After finishing up my masters, it felt like it took forever to find work. When I finally got a job, I had a ten-day window to find a place in New York City, pack up my stuff in Virginia, and move to start my new job. It was my first real adult job and I foolishly signed a lease without ever considering how much of my paycheck would be taken out for taxes.
Fast forward to the end of my first month when my mom came to visit and I realized that my savings were all-but-gone and I was spending paychecks long before I got them. By the time all my bills, student loans, commuting costs, and rent was paid, I only had $200 a month to cover groceries, going out, clothes, toiletries, and any emergency expenses. I wasn’t able to break my lease or move and had no wiggle room in my contract to ask for additional money. Yikes! As awful as it was, I managed to survive completely on my own. While I’ll never do it again, it completely changed my perspective on money and changed my spending habits for the better.
It’s time to go over your spending with a fine-tooth comb. I cancelled my gym membership, Netflix, and cable, stopped buying anything brand name, and started shopping exclusively at discount stores and sales. I kept a spreadsheet of my income and budgeted, to the penny, what I could and couldn’t spend. Oddly enough, knowing that I’d have to go in and track every single expense helped curb my spending too. I had to think, “am I even going to remember what this was when I go to log it?” While I stuck to a simple spreadsheet for the most part, apps like Mint and Clarity.
Be Honest With Friends and Family
Time for an ego check. Your friends are still going to want to go out and your options are to continue to spend more than you have or be real about your situation. It doesn’t mean that it’s fair to expect they’ll change their habits, but let them know what you can and can’t afford. And let them know you still want to spend time together! Sure, I had to turn a lot of amazing experiences down. But it made the time we did spend together that much better because we were totally focused on “us” rather than a movie, or shopping, or some overpriced event.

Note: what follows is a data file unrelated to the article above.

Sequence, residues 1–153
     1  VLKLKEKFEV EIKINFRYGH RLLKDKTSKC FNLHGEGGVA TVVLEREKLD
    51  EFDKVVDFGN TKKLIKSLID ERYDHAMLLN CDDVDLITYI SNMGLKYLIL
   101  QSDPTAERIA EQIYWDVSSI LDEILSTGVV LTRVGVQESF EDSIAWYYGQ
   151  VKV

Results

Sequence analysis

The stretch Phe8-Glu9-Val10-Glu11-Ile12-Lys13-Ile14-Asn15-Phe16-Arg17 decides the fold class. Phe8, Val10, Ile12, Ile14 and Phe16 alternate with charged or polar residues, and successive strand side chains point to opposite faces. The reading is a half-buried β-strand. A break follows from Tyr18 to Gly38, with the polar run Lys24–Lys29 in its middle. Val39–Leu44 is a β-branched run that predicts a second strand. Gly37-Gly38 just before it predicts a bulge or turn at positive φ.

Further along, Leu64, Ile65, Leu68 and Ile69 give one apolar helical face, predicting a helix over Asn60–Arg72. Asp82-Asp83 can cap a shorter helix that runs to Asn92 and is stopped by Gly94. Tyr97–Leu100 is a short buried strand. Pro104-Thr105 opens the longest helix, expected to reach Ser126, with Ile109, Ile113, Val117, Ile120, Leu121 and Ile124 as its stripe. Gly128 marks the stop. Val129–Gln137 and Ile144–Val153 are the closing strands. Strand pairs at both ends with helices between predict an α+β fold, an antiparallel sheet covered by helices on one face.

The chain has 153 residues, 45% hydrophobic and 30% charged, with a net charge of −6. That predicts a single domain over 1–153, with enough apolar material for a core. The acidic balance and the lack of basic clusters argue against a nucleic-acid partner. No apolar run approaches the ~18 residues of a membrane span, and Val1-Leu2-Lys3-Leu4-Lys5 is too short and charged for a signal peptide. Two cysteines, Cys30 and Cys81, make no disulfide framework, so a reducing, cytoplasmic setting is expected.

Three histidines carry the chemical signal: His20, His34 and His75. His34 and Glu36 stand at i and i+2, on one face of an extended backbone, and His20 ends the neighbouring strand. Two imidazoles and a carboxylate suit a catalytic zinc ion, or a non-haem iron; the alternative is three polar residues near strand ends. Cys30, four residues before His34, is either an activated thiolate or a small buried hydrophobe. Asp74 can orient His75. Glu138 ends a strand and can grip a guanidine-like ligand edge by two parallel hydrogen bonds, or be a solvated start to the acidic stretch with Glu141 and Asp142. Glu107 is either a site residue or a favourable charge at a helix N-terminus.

You should also be honest with your family. If you are in trouble, talk to them about your options. I sat down with my parents and told them exactly where things stood. I didn’t want or ask for money but I did want to talk about a safety net just in case. Thankfully, it never got to that point but I needed to know it would be okay if I needed to move home or ask them to pick up a bill for a month or two. It also helped around holidays. Instead of getting things that were nice, they gave me gifts that were 100% useful like grocery store gift cards and toiletry items.
No one wants to admit they’re struggling or ask for help, but just being real about where you are in life shows people that you trust them and they’ll be far more inclined to offer some assistance.
Change Your Spending Habits
I love to cook so realizing that I could no longer afford the organic veggies or quality cuts of meat was brutal. But it also meant I got to hone my skills in the kitchen. My favorite hack was Costco gift cards. I don’t have a membership but you can still shop there if you have giftcards. I would give friends and family money to purchase them for me so I could skirt around the annual dues. I’d buy meat and vegetables in bulk and do a massive meal prep and freeze about a months-worth of food at once.
I also made a rule that I couldn’t buy any clothes unless it was an absolute necessity. Sure, I wanted new cute clothes but it was not going to kill me to wear something I already had. Unless it was essential to my work, I didn’t need it.
Assess What You Can Let Go
Early on I did an audit of what was really essential for me for the year. I didn’t need cable and knew I could survive on slightly slower internet. I could find other ways to work out. Eventually I realized I didn’t need all of the clothes in my closet and purged things that weren’t totally necessary for me to survive. I sold some of my clothes online and took others to resale shops to get a little more cash to keep me going. The Clarity App was also great at telling me what reoccurring expenses I had that I honestly didn’t know about.
Take Another Look at Your Living Situation
I didn’t have the option (or time/flexibility) to break my lease so I stayed put. I did, however, start listing my place on Airbnb. Thankfully, home is a short/cheap bus ride away so I was able to visit family and make some cash! It’s a little trickier if you live with roommates but see if this is an option that they’d be fine with.
One of the other tenants in my building got slightly discounted rent by doing some basic maintenance (taking the buildings trash out to the curb, serving as the contact for building inspections, and basically being the liaison between the tenants and the landlord). See if your building is willing to lower your rent in exchange for services that help the building and other tenants.
Have a Game Plan
As with all things in life, have an exit strategy. Knowing when you can make some positive changes will motivate you to keep your chin up and power through. I knew exactly when my lease was ending and made a timeline of when I should start to look for a cheaper place, start to sell the furniture I knew I couldn’t move, and start looking for a job closer to my home to cut back on commuting costs.
Set a goal based on money if you aren’t in a situation dependent on your lease date. How much would you need in your bank account to get out to a better place? How much time do you need to get there? Make a goal that’s attainable and something that will motivate you.Being an adult is tough and it’s definitely not easy when you’re starting out. Trying to balance life between an entry-level/low paying job, high rent and scary student loans can be tricky and overwhelming. But trust me, you can do it! Keep your chin up!